Heat exchanger technology--the cooling machinery that ferries internal heat away from your PC, your computer, your air conditioner, and other appliances--hasn't changed too terribly much for decades. That's led to some limiting problems: For instance, more powerful computer chips can't be run at their full potential because they might overheat.
Future buildings may use heat to cool off more efficiently, using new materials developed at Pacific Northwest National Laboratory. The materials could enable compact adsorption chillers inside homes and office buildings.
Hoping to entice young residents to work outside, authorities in southern India announced a contest worth more than $20,000 to the winning designer of an air-conditioning jacket.
Authorities in the southern state of Kerala challenged individuals and research groups to come up with a viable prototype. A committee will select 10 options, and each inventor will get about $2,200 to develop their concepts. The winner gets $22,000, which is 1 million rupees.
Proving that no matter how expensive your air conditioner the cooling pump will still break, NASA is planning a pair of emergency spacewalks on the $100 billion International Space Station this week to replace a cooling system component that unexpectedly failed Saturday.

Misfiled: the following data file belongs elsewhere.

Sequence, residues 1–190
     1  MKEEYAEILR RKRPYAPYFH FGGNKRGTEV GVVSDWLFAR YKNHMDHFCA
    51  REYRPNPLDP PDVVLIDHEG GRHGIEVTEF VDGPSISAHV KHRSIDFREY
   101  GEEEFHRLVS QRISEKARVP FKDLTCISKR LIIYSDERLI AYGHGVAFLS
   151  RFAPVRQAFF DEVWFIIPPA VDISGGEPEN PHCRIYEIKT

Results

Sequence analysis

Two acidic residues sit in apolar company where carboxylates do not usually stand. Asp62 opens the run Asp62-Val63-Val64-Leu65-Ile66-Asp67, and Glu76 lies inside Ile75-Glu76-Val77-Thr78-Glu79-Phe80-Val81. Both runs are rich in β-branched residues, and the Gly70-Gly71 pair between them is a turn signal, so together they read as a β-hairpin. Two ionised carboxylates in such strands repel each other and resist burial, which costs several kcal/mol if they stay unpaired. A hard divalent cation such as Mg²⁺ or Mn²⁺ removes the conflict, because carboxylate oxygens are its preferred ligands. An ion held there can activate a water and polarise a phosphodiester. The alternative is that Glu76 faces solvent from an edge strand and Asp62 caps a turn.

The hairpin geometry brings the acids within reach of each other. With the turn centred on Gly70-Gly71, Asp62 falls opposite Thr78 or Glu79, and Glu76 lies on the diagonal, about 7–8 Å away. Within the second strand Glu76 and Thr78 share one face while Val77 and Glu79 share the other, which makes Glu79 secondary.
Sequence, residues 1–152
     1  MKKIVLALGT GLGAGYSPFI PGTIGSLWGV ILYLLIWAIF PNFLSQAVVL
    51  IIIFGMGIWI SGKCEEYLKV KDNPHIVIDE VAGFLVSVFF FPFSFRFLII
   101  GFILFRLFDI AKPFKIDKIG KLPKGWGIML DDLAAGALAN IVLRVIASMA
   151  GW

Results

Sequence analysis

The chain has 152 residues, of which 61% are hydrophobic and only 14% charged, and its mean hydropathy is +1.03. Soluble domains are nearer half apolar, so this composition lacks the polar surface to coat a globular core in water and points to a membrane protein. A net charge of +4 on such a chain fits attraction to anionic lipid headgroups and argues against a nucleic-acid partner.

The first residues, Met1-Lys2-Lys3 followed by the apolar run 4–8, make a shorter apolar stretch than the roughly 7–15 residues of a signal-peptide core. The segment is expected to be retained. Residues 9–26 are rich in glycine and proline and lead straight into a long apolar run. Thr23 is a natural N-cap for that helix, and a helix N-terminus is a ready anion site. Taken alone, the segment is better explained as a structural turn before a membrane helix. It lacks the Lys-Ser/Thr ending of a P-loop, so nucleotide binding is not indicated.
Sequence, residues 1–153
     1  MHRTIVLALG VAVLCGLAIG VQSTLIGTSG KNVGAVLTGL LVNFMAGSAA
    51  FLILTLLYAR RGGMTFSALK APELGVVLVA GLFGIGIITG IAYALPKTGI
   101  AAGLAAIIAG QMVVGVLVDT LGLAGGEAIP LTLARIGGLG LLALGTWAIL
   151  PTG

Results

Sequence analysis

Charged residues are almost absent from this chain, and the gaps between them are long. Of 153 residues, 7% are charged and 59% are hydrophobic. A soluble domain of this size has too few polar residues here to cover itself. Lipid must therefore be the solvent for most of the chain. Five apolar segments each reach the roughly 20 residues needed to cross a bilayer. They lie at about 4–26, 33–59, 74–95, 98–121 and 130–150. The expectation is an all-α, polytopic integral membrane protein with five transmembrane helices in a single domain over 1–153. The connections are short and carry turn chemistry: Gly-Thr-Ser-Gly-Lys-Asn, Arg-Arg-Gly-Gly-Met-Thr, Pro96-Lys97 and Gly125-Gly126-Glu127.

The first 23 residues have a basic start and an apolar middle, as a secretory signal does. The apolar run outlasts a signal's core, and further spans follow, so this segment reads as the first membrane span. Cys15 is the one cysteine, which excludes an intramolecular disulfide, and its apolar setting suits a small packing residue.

The emergency spacewalks don't just punctuate a cooling system problem, but a breakdown in the Earth-to-orbit ISS maintenance supply chain. The broken cooling pump module weighs an unwieldy 780 pounds and can only be transported to the ISS aboard the Space Shuttle.
When it comes to home comforts, few inventions can beat the air conditioner for its ability to help us tolerate the dog days of summer. The problem is, when it comes to energy-guzzlers, few inventions can beat the air conditioner.
But the National Renewable Energy Laboratory has invented a new air conditioning system that uses 50 to 90 percent less energy than the best available units. The Desiccant-Enhanced eVaporative air conditioner -- DEVap -- combines membranes, evaporative cooling and liquid desiccants in a way that has never been done before.
Server farms are undeniably awesome in that they store huge pools of data, enable such modern phenomena as cloud computing and Web-hosted email, and most importantly, make the Internet as it stands today possible. The downside: data centers get very, very hot. Cooling huge banks of servers doesn't just cost a lot, it eats up a lot of energy, and that generally means fossil fuels.